Design and Implementation of Mapreduce Systems for Block-Oriented Iterative Scientific Applications

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Material Information

Title:
Design and Implementation of Mapreduce Systems for Block-Oriented Iterative Scientific Applications
Physical Description:
1 online resource (102 p.)
Language:
english
Creator:
Yang, Xin
Publisher:
University of Florida
Place of Publication:
Gainesville, Fla.
Publication Date:

Thesis/Dissertation Information

Degree:
Doctorate ( Ph.D.)
Degree Grantor:
University of Florida
Degree Disciplines:
Computer Engineering, Computer and Information Science and Engineering
Committee Chair:
LI,XIAOLIN
Committee Co-Chair:
FIGUEIREDO,RENATO JANSEN
Committee Members:
RANKA,SANJAY
FORTES,JOSE A
FANG,YUGUANG

Subjects

Subjects / Keywords:
design -- distributed -- implementation -- science -- systems
Computer and Information Science and Engineering -- Dissertations, Academic -- UF
Genre:
Computer Engineering thesis, Ph.D.
bibliography   ( marcgt )
theses   ( marcgt )
government publication (state, provincial, terriorial, dependent)   ( marcgt )
born-digital   ( sobekcm )
Electronic Thesis or Dissertation

Notes

Abstract:
Scientific applications are becoming data-intensive, and many high-impact discoveries are relying on efficient processing of massive scientific data. Scientists depend heavily on techniques such as MPI and OpenMP for parallelizing scientific applications. However, efficient implementations require interdisciplinary knowledge of scientific algorithms, programming models, parallel systems, data management and so on. The popular MapReduce systems such as Hadoop open an opportunity for parallelizing scientific applications easily. They encapsulate the complexity of parallelism and open the easy-to-use programming APIs for users to implement scientific applications. This dissertation focuses on the design and implementation of MapReduce systems for Block-Oriented Iterative (BOI) applications. As a representative application, the state transition application is analyzed, and the Mammoth system is introduced for users to program state transition applications easily and run them efficiently. Previous attempts of programming and running state transition applications following the MapReduce manner are: map tasks process individual points and reduce tasks aggregate the overlapped intermediate results. Such approach is simple but suffers performance issues. State transition applications generate inflated intermediate data that saturates the network. They cause substantial synchronization overheads as existing MapReduce systems support the all-to-all communication pattern only. Moreover, computation skews due to non-uniform distributions of scientific phenomena commonly exist. The Mammoth system features a MapReduce-style programming model that retains the ease of using. Optimizations addressing the performance issues are designed for the underlying runtime to parallelize the execution efficiently. Although the Mammoth system has enclosed optimizations that address computation skews in state transition applications, extended discussions specialized for this performance issue in BOI applications are presented in the following parts. First, a traditional approach of adaptive partitioning is presented, and the Apala (Adaptive Partitioning and load balancing) system is designed. Apala features the application-aware and system-aware design so that it can adapt to various systems while maintaining satisfactory performance. Second, an autonomic workload management system, iPart, for taming computation skews in BOI applications is presented for MapReduce systems. As a BOI application is typically expressed as a chain of MapReduce jobs, iPart introduces a workload control loop into the chain of MapReduce jobs. Specifically, the partitioning phase generates partitioning plans for distributing workloads to reduce tasks equally. Workload estimates in terms of execution times are collected in the reduce phase and fed back to the partition phase to update partitioning plans. As a result, computation skews are addressed by adapting partitioning plans iteratively.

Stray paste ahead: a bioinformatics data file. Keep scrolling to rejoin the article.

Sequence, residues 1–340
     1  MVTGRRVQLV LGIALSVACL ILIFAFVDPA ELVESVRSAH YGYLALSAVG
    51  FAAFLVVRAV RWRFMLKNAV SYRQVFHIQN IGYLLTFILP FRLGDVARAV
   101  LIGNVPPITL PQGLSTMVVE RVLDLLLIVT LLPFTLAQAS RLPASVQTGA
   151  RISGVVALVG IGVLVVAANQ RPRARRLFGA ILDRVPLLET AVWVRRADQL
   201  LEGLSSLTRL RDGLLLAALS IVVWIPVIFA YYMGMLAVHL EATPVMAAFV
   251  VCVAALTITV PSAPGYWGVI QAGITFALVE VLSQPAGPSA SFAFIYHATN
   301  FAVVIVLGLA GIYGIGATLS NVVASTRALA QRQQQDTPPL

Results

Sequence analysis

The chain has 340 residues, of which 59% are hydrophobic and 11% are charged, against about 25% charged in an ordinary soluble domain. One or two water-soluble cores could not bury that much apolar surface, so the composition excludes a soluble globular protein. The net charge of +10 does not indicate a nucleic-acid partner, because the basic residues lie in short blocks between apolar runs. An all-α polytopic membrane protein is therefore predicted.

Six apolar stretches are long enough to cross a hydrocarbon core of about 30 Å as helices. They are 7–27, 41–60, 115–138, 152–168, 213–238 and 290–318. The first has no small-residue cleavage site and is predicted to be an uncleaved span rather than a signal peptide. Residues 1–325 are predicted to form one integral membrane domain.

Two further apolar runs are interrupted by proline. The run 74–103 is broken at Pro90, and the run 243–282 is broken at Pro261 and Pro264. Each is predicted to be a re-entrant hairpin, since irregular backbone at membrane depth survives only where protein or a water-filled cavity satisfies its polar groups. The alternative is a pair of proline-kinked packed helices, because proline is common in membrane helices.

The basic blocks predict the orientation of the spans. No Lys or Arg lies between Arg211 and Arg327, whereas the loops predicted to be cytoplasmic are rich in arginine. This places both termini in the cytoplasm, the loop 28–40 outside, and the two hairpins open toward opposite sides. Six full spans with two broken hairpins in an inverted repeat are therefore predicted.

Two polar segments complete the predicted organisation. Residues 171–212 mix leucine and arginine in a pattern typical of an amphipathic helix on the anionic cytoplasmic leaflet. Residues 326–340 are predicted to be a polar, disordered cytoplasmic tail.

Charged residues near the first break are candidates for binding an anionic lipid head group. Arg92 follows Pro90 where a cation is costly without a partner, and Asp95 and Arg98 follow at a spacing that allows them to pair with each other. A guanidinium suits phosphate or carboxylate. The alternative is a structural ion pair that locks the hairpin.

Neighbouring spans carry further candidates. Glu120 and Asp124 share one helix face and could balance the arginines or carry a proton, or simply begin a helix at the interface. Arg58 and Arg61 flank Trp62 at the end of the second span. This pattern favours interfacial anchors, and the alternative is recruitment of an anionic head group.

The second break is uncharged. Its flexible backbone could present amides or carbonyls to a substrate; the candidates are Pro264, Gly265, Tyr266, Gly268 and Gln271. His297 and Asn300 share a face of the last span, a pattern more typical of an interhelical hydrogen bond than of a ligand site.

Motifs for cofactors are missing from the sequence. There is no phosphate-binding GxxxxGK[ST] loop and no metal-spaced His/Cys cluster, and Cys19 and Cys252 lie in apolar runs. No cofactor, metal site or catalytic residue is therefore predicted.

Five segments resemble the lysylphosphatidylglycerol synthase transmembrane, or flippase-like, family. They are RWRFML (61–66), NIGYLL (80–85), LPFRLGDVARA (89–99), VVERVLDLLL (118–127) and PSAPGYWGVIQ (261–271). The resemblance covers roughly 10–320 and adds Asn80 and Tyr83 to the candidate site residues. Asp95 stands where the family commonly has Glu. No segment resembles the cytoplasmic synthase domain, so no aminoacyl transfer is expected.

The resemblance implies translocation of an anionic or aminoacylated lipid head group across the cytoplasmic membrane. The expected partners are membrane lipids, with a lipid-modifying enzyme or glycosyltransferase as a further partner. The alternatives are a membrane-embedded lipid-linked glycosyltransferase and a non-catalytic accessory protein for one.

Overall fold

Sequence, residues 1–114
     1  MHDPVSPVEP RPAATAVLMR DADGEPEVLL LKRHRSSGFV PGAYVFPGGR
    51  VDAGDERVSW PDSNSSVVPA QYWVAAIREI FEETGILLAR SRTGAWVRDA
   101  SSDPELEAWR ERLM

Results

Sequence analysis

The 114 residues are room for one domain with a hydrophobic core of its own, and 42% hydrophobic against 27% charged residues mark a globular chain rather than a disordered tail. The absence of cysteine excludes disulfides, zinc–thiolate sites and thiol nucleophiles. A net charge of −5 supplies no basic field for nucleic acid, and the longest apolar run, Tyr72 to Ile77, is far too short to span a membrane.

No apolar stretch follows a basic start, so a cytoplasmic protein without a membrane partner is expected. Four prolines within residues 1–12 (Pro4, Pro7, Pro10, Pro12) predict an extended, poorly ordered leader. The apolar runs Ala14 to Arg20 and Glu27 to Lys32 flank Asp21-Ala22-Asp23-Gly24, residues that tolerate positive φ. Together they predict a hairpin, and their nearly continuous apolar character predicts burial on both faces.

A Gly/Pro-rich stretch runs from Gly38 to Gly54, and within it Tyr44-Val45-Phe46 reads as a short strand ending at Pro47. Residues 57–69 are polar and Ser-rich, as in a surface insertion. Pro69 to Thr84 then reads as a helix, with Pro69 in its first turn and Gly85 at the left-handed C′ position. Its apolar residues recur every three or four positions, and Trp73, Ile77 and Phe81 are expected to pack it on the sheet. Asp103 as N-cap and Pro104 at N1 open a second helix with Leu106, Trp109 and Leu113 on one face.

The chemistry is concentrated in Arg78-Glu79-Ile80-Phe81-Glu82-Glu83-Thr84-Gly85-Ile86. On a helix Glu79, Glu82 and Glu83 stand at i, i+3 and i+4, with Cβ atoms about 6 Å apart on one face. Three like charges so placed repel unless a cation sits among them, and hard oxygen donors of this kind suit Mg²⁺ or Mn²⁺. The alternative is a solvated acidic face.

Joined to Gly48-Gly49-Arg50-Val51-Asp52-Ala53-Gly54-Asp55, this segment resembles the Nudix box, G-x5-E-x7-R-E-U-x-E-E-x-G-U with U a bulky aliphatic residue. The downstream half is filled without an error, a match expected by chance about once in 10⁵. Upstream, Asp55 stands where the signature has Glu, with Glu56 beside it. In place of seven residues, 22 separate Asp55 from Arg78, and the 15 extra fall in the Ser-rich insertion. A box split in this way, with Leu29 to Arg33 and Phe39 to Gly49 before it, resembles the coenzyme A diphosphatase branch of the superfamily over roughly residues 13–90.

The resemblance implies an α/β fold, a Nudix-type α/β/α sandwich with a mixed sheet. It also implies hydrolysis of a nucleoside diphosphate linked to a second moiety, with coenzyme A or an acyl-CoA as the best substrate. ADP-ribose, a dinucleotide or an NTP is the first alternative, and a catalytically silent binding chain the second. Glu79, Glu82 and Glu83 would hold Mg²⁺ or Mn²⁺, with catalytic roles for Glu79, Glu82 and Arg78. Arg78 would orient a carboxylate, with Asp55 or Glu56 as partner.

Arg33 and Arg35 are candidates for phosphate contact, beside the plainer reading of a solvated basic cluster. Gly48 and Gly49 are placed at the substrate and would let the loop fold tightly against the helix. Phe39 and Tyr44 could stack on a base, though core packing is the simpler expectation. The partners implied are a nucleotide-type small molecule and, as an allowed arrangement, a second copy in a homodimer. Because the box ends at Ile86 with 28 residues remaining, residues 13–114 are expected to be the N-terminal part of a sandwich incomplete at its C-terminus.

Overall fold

General Note:
In the series University of Florida Digital Collections.
General Note:
Includes vita.
Bibliography:
Includes bibliographical references.
Source of Description:
Description based on online resource; title from PDF title page.
Source of Description:
This bibliographic record is available under the Creative Commons CC0 public domain dedication. The University of Florida Libraries, as creator of this bibliographic record, has waived all rights to it worldwide under copyright law, including all related and neighboring rights, to the extent allowed by law.
Statement of Responsibility:
by Xin Yang.
Thesis:
Thesis (Ph.D.)--University of Florida, 2013.
Local:
Adviser: LI,XIAOLIN.
Local:
Co-adviser: FIGUEIREDO,RENATO JANSEN.
Electronic Access:
RESTRICTED TO UF STUDENTS, STAFF, FACULTY, AND ON-CAMPUS USE UNTIL 2014-12-31

Record Information

Source Institution:
UFRGP
Rights Management:
Applicable rights reserved.
Classification:
lcc - LD1780 2013
System ID:
UFE0046154:00001